This Elul, pick something that you know you need to fix and that you want to fix. Lashon Hara? Shnayim Mikra? Anger? Checking lettuce? Swimming on Shabbos? Attending Minyan? Overeating? Giving Tzedakah? Daily Learning? Brachos with Kavanah?

Whatever it is, step one begins with “This is my problem, and it is my responsibility to fix it.”

2. We are ready to work on this area, and we can begin now.

Aliza and I had an NCSYer a number of years ago who started becoming observant in twelfth grade. Her parents, whilst mostly supportive, refused to kasher their kitchen and buy only kosher products. She came over one Shabbos, heartbroken that she had just decided to keep kosher and was clearly unable to do so. We discussed many elements of hilchos Kashrus, including a host of potential leniencies, but concluded that perhaps her focus could be on other areas of Halacha that were more attainable at that point.

The Yetzer Hara often guilts us into working on something that we know we cannot change yet and it is tempting to overcommit to big dreams. But it doesn't work. If you're struggling to make it to shul on Shabbos morning, don't commit to daily minyan... yet. If you're having a hard time finishing Shnyaim Mikra, don't start Daf Yomi... yet.

Of course, we'd love to wave a magic wand and jump a thousand steps, but that's a recipe for failure. All growth must be gradual to be sustainable.

This approach was taken by Hashem Himself who didn't lead us directly to Eretz Yizrael after the Exodus: פֶּן־יִנָּחֵם הָעָם בִּרְאֹתָם מִלְחָמָה וְשָׁבוּ מִצְרָיְמָה – “The people may have a change of heart when they see war, and return to Egypt.” Sometimes, taking the long way 'round is worth it, to ensure that we get there in the end.

3. We have a strategy and action plan in mind – and we carry it out.

Our strategies are essential prerequisites to success. Rabbi Yisroel Salanter famously said that changing one Middah is more challenging than learning all of Shas. To change something – for real – is going to require a serious amount of planning.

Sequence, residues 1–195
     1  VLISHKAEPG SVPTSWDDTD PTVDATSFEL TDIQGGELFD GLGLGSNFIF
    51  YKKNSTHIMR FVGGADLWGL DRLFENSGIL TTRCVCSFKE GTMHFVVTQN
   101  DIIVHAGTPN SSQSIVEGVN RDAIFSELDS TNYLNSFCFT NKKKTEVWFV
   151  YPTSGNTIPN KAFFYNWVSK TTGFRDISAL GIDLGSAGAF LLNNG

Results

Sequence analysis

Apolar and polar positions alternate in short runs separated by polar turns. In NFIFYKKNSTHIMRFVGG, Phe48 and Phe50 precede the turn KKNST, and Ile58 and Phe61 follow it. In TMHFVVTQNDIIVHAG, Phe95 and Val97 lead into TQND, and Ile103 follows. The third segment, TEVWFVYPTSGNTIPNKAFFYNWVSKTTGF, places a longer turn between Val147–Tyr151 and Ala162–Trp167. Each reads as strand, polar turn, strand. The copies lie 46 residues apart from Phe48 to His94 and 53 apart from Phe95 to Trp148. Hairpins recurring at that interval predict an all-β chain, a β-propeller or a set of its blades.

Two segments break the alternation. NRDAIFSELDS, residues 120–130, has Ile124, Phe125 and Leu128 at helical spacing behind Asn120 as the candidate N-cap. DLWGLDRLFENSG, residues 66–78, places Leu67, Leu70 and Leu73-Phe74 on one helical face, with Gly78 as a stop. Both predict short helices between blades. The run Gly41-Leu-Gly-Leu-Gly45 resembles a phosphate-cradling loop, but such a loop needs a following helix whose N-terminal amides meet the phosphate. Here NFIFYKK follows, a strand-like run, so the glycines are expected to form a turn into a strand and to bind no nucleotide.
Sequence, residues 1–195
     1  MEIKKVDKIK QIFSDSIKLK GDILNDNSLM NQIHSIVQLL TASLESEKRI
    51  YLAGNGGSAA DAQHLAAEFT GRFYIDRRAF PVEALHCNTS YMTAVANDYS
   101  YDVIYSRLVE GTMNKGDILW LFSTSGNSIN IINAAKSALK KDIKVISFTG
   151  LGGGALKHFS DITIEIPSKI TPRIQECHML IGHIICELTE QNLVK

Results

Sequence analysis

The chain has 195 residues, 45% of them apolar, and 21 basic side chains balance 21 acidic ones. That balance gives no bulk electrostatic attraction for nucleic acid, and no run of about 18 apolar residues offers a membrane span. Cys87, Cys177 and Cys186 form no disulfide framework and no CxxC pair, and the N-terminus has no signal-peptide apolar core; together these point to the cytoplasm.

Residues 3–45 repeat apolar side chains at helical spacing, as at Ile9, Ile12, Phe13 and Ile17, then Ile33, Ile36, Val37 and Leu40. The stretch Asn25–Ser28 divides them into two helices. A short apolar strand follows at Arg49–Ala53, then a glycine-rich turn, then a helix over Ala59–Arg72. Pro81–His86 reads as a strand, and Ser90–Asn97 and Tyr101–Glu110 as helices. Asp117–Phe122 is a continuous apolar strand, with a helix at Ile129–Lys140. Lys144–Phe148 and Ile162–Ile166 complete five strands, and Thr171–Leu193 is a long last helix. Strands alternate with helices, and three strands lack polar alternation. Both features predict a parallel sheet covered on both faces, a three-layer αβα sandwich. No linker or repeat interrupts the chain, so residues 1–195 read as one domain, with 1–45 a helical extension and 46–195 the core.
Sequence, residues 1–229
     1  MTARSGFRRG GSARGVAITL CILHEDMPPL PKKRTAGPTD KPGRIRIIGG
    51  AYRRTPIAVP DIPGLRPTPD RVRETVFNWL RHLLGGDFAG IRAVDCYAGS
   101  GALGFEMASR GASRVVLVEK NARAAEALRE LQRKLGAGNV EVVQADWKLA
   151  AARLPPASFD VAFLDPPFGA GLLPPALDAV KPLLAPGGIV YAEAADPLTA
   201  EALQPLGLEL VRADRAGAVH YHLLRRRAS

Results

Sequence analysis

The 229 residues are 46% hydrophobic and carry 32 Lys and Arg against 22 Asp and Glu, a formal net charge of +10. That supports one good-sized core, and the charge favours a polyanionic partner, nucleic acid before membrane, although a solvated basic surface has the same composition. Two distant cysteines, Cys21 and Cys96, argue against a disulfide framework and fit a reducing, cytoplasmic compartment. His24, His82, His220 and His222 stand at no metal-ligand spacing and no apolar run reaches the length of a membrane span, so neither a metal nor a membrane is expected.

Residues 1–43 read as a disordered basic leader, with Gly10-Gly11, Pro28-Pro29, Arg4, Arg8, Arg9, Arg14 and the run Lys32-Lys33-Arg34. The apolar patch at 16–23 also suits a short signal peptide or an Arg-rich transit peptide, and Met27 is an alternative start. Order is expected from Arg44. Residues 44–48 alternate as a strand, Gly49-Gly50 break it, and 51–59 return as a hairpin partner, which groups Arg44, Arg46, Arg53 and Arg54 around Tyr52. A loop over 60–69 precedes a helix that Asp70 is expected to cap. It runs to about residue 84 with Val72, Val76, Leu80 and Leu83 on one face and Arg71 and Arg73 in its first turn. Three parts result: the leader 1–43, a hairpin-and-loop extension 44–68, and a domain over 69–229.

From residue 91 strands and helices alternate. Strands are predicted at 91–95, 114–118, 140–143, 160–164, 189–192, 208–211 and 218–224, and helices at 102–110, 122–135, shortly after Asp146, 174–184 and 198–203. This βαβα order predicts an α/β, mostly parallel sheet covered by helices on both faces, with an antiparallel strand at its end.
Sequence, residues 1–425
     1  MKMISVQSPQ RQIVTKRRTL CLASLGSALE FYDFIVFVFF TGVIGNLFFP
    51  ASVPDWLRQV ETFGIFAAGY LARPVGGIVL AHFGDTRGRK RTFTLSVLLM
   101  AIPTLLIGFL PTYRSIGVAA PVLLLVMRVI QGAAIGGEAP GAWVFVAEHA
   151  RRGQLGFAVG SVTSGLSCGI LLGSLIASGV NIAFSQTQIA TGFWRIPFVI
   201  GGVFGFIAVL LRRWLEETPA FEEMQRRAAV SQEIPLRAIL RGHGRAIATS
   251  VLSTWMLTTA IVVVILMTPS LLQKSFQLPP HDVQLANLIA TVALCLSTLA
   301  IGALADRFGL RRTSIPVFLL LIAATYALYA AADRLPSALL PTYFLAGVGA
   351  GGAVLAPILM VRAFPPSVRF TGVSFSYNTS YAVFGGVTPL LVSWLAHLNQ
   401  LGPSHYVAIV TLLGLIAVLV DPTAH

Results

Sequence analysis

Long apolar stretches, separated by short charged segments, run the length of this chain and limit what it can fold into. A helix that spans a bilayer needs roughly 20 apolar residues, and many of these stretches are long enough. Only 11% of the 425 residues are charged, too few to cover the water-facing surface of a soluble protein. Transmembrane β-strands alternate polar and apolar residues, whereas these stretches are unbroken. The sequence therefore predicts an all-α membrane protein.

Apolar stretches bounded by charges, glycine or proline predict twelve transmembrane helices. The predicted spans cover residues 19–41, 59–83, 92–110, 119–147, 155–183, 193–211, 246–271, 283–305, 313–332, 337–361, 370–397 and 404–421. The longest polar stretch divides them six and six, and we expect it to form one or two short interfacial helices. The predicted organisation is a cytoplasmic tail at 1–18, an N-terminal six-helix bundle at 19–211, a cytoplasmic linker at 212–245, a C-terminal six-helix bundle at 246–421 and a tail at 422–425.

We will need to consider our habits, environments, social circles, triggers and weaknesses. We will need to establish support systems of trusted partners and allow ourselves the latitude to fail as we practice and learn. None of this is simple, but dedication to deprogramming and reprogramming our thoughts and behaviors will take time, grit, patience, humility and empathy.

Indeed, the Gra (אבן שמלה ד:כב) notes that while the advice of Chachamim is essential in Avodas Hashem, it is insufficient when contending with our own Yetzer Hara. For that, we need our own creativity and our own strategies.

The most important part, however, is action.

Our lives are not the story of the things that we think, but the things that we do. Our thoughts, plans and considerations have little to no impact, when contrasted with even our least significant action.

Moreover, the Sefer HaChinuch famously instructs us: אחרי הפעולות נמשכים הלבבות – Our emotions follow our actions. Waiting to be in the right mindset with the right intentions guarantees that we will never take actions.

The Nesivos Shalom quotes from Reb Shlomo Dovid Yehoshua (the 4th Slonimer Rebbe) that often when we feel like our head is not in the game we should remember that when climbing a ladder, we first raise our feet and then only then our heads.

There are many ladders to climb this Elul. Many opportunities to make a real difference in our own lives. The Sfas Emes quotes from his grandfather, the Chidushei HaRim that the beginning of our Parsha, רְאֵה אָנֹכִי נֹתֵן לִפְנֵיכֶם הַיּוֹם בְּרָכָה וּקְלָלָה” – See, this day I set before you blessing and curse”, means to tell us that every day we have the capacity to make choices. To pick a ladder, to begin to climb.

Hashem should help each and every one of us to keep on climbing, keep on striving, keep on growing, so that by next years Elul we're a little closer to who we want to be.